Tags

, , , , , ,

Job interviews take place very often. Many a jobless graduate will reach that stage but then fail to pass and get the job. It is important to note that when a person gets an interview with the potential employer, they are being given a chance to ‘pitch’, so to speak, in order to win the investment of being employed.

I know there are many websites that offer information on how to answer interview questions, the most common types and whatnot. You can find the most frequently asked interview questions on my 10 most asked interview questions.

However, I wanted to highlight the importance of the final stage of the interview. So the interviewer has asked you many questions, some easy , some tricky and you have answered everything in the best way you could. Now its your turn to ask the questions and this is where many jobless graduates get caught out. Believe it or not, when it comes to job interviews, there is such a thing as a ‘bad question’ and, just like your answers, these need to be carefully thought through. 

Here is a list of questions you should probably avoid asking:

1 – Is there a probationary period?

This is question will backfire so quickly, you wouldn’t know that you probably lost your chance at getting the job then and there. Why? Simple. If you have any clue about getting employment, then you will know that every workplace has a probationary period where you will be observed and tested to see if you can really do the job. Its not like you will join and immediately sign a contract and begin earning. Some people lie and others exaggerate when talking about their skills, so what better way for them to back up what they said in the interview with a trial period. Don’t ask this, since the answer will always be ‘Yes’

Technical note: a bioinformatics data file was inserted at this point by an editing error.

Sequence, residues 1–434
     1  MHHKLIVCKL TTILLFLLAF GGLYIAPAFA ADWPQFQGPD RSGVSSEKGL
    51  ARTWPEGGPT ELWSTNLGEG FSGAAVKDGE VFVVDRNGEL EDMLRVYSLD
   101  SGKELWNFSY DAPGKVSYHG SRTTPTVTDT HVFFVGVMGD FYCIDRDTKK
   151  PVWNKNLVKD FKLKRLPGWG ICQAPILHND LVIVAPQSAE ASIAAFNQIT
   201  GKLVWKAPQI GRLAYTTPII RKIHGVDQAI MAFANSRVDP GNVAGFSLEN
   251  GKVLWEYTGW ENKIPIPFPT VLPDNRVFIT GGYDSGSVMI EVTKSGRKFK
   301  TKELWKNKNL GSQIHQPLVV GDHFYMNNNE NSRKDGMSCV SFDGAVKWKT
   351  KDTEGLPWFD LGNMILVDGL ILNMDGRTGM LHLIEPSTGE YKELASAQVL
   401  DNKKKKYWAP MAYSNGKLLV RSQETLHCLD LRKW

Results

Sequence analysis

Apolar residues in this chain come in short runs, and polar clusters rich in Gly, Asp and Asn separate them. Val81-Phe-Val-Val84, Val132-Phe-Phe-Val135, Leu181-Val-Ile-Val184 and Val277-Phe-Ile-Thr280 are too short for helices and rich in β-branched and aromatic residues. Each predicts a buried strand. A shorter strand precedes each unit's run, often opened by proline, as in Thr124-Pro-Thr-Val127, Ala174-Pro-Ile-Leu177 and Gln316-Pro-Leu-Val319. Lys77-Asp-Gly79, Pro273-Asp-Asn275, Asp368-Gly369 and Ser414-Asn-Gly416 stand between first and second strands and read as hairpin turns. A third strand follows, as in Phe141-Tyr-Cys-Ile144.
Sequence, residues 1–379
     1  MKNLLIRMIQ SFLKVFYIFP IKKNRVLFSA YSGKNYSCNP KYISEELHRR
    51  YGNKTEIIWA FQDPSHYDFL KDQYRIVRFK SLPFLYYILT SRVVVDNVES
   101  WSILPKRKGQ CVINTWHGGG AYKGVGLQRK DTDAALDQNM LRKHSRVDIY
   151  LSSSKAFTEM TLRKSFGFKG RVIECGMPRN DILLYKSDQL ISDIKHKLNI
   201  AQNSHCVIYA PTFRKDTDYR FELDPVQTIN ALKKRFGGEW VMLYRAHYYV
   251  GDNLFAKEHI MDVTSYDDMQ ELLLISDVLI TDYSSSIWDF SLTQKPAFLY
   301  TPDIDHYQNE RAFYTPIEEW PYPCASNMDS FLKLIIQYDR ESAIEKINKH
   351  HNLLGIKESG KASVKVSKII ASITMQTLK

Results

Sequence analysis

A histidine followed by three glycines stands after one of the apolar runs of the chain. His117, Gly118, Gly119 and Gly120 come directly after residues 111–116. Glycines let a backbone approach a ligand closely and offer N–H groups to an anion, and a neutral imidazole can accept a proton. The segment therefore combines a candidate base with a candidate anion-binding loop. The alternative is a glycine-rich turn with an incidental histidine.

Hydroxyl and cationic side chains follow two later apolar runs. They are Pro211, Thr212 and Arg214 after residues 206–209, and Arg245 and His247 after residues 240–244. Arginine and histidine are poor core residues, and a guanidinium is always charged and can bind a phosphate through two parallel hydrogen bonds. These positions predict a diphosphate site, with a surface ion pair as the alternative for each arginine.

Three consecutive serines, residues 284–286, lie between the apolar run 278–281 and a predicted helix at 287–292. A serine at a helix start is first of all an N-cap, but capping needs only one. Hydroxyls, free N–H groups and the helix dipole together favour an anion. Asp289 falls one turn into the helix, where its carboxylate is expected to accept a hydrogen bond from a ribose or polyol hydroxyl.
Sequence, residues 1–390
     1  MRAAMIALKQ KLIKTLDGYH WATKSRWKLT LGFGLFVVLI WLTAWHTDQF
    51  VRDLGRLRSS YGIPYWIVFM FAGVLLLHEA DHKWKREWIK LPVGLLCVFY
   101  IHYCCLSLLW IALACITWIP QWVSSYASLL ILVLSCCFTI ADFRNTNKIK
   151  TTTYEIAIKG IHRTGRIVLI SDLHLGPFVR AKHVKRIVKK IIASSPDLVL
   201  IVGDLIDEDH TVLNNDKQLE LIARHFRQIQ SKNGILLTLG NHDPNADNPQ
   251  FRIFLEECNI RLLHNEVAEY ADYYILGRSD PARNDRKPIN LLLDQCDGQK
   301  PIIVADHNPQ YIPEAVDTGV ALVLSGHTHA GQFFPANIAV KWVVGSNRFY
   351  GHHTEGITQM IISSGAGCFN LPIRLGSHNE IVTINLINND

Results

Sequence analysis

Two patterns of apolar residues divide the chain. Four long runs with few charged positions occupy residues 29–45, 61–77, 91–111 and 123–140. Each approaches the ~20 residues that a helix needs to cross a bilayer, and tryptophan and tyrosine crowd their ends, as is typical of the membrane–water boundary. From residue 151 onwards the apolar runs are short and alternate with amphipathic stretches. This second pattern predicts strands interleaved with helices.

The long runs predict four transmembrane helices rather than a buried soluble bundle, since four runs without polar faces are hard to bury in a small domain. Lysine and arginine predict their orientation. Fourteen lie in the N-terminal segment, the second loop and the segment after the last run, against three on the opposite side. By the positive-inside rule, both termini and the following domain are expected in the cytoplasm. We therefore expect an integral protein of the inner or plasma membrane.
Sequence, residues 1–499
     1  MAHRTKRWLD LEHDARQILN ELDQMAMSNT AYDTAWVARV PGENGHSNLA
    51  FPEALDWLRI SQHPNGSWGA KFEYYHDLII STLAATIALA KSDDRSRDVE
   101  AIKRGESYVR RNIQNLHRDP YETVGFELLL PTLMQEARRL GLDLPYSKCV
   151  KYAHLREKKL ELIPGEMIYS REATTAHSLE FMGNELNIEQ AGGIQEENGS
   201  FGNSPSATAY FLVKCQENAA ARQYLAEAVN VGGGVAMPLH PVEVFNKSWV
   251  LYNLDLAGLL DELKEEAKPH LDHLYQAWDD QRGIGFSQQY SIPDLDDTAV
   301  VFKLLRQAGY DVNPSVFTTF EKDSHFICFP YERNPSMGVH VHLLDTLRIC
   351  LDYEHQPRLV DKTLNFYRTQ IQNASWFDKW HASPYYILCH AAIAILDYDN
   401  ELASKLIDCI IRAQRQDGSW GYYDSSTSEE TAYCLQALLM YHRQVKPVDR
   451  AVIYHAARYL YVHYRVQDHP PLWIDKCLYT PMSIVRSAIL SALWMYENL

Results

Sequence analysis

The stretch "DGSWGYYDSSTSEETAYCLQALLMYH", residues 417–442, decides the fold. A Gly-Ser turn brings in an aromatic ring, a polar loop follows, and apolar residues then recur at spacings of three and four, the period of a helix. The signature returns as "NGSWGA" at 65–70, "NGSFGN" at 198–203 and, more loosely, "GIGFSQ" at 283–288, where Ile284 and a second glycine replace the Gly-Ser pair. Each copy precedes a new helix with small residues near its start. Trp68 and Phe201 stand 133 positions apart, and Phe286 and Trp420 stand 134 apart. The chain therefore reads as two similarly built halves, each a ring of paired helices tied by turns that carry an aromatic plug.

2 – What is the nearest public transport

Again, a big no no. Basically you are showing the employer that you cannot even do a bit of simple research like finding out how to get to work, or what buses, trains, trams go to the area. How will they trust you with important projects if you can’t even google your way to work?

3 – Can I work from home?

While working from home may be possible for some jobs, it is more than likely it will never happen. Employers want you under their watchful eyes if they are paying your salary. They want to know how you perform, what you offer the company and if they can trust you. Maybe after a few years, when you have shown loyalty and consistence in the quality of your work working from home might become a possibility.

4 – How often do we get paid?

Anything related to salary, apart from how much the remuneration for the position actually is (which should be advertised when you applied for the job) is best left to when you get the job offer. Money is important to everyone and employers know this, but there is no need to be hasty with this type of question. You are given a chance to refuse the job offer if the salary is too low anyway, so what are you worried about?

5- Do you get any bonuses or amenities as an employee?

This fits in almost the same as above. Remember, when asking the interviewer questions, they want to hear something challenging about the position you are applying for, or the company not self-centered questions that show you are thinking far ahead and about your pockets.